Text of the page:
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Methods and Findings
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Methods Find Exp Clin Pharmacol 2000, 22(5): 309
ISSN 0379-0355
Copyright 2000 Clarivate Analytics
CCC: 0379-0355
DOI: 10.1358/mf.2000.22.5.796650
Theophylline for the treatment of bronchial asthma: Present status
Kawai, M., Kato, M.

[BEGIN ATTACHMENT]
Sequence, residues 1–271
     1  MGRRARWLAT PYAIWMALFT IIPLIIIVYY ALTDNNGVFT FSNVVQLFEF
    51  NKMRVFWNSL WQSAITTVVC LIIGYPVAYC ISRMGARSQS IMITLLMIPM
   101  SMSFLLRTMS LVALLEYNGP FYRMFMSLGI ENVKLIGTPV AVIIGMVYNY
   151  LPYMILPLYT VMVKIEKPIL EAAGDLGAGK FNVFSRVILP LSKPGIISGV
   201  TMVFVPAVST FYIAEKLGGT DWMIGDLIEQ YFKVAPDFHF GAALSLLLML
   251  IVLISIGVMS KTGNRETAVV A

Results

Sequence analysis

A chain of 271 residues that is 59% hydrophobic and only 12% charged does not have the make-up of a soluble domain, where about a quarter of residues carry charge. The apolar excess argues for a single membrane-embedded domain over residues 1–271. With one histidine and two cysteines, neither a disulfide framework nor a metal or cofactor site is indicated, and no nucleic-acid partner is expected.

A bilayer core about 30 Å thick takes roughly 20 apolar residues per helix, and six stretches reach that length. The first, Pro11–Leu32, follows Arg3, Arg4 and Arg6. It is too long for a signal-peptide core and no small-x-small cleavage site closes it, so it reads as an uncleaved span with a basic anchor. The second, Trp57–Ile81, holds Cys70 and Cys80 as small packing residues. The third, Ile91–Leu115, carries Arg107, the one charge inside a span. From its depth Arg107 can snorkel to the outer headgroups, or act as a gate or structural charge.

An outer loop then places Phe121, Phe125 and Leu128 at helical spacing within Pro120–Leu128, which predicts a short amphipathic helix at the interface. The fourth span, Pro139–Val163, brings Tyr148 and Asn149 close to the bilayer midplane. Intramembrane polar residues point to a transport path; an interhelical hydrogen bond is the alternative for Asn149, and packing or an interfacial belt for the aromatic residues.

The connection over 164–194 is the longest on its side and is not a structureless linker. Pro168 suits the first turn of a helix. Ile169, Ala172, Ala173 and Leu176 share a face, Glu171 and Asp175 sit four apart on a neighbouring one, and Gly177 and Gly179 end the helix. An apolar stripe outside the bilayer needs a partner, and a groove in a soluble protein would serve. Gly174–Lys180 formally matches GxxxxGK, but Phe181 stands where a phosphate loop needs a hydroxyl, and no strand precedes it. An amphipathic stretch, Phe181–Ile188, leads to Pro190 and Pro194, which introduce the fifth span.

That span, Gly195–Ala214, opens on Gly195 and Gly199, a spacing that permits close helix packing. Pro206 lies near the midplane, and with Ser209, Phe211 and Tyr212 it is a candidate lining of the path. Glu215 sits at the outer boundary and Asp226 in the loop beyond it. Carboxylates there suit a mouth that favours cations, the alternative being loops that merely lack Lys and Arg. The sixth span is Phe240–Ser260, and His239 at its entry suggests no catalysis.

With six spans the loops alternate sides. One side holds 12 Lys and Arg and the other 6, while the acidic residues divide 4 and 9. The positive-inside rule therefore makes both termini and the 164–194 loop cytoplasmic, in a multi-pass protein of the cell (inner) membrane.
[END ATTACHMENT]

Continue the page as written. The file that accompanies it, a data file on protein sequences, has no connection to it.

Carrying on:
Current Japanese asthma guidelines recommend theophylline as an additional regimen to inhaled b-agonists (on demand use) and inhaled corticosteroids (beclomethason dipropionate 200-1200 mcg/day or fluticason propionate 200-800 mcg/day) for patients whose asthma is not controlled completely. Similar recommendations are made in the International Consensus Report on Diagnosis and Treatment of Asthma. Recent advances in the understanding of its actions, especially regarding the antiinflammatory and immunomodulatory effects of low doses of theophylline, encourage its appropriate use in asthma treatment. Furthermore, asthma and chronic obstructive pulmonary disease (COPD) are considerably common diseases, and the economic benefits associated with the use of a relatively inexpensive, once or twice daily oral drug (intravenous infusion, if necessary) could be of importance. But, because of its narrow therapeutic range, dosage must be individualized in order to optimize the treatment based on the measurement of theophylline concentration in serum. Theophylline is an old medication with new forms. When used effectively and safely, it can have significant clinical benefits for patients. This paper intends to review the effectiveness of theophylline--historically and contemporarily.

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